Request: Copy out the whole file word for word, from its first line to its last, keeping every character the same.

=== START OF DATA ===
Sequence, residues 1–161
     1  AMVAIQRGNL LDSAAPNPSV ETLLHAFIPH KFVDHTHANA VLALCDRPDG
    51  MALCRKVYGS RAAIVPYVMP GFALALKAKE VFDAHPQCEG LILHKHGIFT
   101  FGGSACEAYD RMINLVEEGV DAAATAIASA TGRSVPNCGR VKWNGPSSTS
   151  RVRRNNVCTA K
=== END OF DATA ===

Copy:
Sequence, residues 1–161
     1  AMVAIQRGNL LDSAAPNPSV ETLLHAFIPH KFVDHTHANA VLALCDRPDG
    51  MALCRKVYGS RAAIVPYVMP GFALALKAKE VFDAHPQCEG LILHKHGIFT
   101  FGGSACEAYD RMINLVEEGV DAAATAIASA TGRSVPNCGR VKWNGPSSTS
   151  RVRRNNVCTA K